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In Season: Fresh Tomato Sauce

What do you do with 5 pounds of tomatoes? I like BLTs but a sandwich now and then is not a productive way to use up all the ripe tomatoes that are in season right now. I got a really big bunch yesterday from my local farmer’s market and since I’ll be going away on vacation in just a week, I had to do something to preserve them right away. I’m in an Italian state of mind, so guess what I did?

Italians like canned tomatoes. They argue that you can hardly get better tomatoes than canned San Marzano, picked at their ripest and preserved in a matter of hours. It is indeed a great way to enjoy the fresh taste of tomatoes year round. However, when tomatoes are in season, it is a bit of a sin to think of using their canned counterparts (even Italians will agree). Of course, you have to gather the courage to peel your tomatoes, chop them up and cook the sauce for a while, but once you’re done, you realize it was much quicker and painless than you remembered. And that the vivacious taste of a fresh tomato sauce is incomparable.

A couple of notes:

Peeling fresh tomatoes
It’s much easier than you think. Bring a big pot of water to a boil. Slice a shallow “X” on the bottom of each tomato. Plunge them in the boiling water until you see their skin roll back, 10 to 15 seconds. Fish them out: you’ll see that your tomatoes are ready to undress without much help. You’re done!

Slice a shallow “X” on the bottom of each tomato.

Tomatoes, after 10-15 seconds in boiling water: ready to undress!

5 pounds of fresh and peeled garden tomatoes.

Peeled tomatoes, coarsely chopped.

Tomato varieties
Thick-fleshed and not-so-juicy varieties, like Romas, San Marzanos and other plum-shaped varieties make the best sauces because they contain less water, thus take less time to cook. You can use any variety; if you choose plum and juicy tomatoes, you’ll just have to let your sauce simmer longer.

Humble (but very tasty!) garden tomatoes.

Seasonings
A very basic fresh tomato sauce is seasoned solely with salt and pepper. From there, you can add onion, herbs, garlic or red pepper flakes.

Optional fresh tomato sauce seasonings: onion, garlic, dried oregano, red pepper flakes, fresh basil.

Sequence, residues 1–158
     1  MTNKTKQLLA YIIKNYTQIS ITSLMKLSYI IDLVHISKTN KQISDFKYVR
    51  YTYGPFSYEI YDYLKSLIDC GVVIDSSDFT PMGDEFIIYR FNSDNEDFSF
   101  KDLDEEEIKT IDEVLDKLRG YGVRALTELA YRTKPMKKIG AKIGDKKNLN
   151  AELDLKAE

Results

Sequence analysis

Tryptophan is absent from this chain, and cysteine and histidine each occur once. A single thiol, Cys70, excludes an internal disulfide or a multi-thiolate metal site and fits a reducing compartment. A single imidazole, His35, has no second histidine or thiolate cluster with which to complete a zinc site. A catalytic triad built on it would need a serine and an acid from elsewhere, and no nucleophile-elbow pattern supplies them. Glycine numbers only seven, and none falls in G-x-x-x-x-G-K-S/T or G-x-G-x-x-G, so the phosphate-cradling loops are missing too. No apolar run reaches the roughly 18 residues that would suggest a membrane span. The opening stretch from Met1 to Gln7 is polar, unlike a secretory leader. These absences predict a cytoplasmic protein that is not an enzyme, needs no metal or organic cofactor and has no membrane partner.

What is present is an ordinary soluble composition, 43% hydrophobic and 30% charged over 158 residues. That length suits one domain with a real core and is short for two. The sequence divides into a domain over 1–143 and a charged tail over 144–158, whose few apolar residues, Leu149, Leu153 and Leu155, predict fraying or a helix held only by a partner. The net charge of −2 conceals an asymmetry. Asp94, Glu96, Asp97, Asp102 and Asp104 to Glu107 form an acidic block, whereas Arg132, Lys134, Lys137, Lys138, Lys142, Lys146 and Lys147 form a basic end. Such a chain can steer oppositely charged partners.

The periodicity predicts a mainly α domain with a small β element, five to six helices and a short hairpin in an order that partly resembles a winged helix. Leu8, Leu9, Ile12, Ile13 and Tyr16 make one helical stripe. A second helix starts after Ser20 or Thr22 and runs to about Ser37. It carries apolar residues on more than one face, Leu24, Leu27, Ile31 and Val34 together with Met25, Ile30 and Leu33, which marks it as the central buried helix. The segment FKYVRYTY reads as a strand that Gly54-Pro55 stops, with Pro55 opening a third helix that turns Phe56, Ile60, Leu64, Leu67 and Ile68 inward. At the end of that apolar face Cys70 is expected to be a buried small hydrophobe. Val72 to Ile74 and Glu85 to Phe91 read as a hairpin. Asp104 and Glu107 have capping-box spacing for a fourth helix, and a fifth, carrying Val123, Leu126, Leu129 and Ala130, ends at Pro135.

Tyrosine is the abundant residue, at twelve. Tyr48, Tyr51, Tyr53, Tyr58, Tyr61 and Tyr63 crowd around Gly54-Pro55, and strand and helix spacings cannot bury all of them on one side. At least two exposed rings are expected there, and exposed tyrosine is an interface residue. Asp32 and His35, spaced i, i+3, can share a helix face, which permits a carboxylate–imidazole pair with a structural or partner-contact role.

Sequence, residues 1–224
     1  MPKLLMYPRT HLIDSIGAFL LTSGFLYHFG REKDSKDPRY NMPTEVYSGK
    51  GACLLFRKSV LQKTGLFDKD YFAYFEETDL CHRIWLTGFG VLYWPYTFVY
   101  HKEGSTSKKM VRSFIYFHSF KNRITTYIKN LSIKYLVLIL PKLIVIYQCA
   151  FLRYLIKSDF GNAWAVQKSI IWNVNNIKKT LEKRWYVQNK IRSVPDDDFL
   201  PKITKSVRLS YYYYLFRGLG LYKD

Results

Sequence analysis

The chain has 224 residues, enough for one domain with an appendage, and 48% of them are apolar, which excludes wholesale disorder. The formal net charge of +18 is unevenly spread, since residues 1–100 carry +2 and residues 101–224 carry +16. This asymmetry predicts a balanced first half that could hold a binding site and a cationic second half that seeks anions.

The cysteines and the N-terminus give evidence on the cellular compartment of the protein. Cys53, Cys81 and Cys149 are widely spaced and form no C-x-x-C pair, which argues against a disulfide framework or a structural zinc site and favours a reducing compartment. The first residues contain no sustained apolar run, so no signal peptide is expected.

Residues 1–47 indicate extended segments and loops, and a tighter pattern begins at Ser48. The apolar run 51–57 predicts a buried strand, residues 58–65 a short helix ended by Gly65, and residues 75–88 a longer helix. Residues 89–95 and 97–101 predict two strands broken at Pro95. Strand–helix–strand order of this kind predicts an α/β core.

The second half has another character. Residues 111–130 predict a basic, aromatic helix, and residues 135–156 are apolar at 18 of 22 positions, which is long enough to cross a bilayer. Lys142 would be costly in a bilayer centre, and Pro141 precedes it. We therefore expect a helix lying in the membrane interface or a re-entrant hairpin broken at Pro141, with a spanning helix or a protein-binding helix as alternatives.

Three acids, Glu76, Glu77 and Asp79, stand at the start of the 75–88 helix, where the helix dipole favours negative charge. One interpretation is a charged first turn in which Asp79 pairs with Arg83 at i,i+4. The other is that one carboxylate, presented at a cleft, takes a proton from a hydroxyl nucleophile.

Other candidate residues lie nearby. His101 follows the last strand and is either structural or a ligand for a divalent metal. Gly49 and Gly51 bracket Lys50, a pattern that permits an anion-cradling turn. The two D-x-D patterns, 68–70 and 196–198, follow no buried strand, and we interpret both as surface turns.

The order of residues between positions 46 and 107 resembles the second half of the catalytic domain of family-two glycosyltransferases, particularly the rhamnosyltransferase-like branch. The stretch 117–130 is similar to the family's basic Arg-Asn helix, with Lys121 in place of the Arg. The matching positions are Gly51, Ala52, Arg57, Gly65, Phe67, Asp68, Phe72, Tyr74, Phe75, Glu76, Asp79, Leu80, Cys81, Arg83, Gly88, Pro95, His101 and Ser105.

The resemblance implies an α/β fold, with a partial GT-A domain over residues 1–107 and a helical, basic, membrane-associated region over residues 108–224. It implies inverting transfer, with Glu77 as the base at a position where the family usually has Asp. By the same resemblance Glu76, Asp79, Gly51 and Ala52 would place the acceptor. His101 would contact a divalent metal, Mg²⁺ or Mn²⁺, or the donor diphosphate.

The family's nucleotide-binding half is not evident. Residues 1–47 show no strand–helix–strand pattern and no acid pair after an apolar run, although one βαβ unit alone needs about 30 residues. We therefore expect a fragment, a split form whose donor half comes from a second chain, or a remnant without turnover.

How to Use the Sauce
Because this sauce has a very fresh and bright taste, I wouldn’t weight it down by adding ground meat in it. I use it on pizzas, on croutons topped with torn fresh mozzarella to make a simple bruschetta, as a dip, or in simple pasta dishes:

  • Serve it with linguine, fresh basil and shaved parmigiano-reggiano;
  • Simmer it with canned tuna (packed in olive oil) and chopped black olives, served on rigatoni pasta, topped with a ton of grated parmigiano-reggiano;
  • Use it as a basic sauce to incorporate in a vegetarian lasagna or to serve with veal and spinach cannelloni;
  • Incorporate cooked veal, lemon and thyme meatballs and serve with spaghetti.

My Favorite Fresh Tomato Sauce

This is my favorite way to make a fresh tomato sauce. When I first made it, I turned to my vegetarian bible, Vegetarian Cooking for Everyone by Deborah Madison, for basic guidance and then built my own version. I love it with all the flavorings because, that way, I think it’s ready for use in a variety of ways (see above). I even stray from tradition by using a bit of white wine to deglaze my pan after the onion, garlic and red pepper flakes have cooked together. I find it deepens the flavors and mellows the fresh (and sometimes acidic) tomato taste.

Some people will argue that adding fresh basil to a hot sauce isn’t a good idea. Basil is a delicate taste and it must be added to the sauce at the right moment. Freezing and high heat will kill the basil’s flavor. If you plan to freeze your sauce, don’t add basil at all. Remember to always add it right before serving, when the sauce is hot but off the heat. That way, the basil will delicately infuse the sauce with its flavor and you’ll be able to taste it.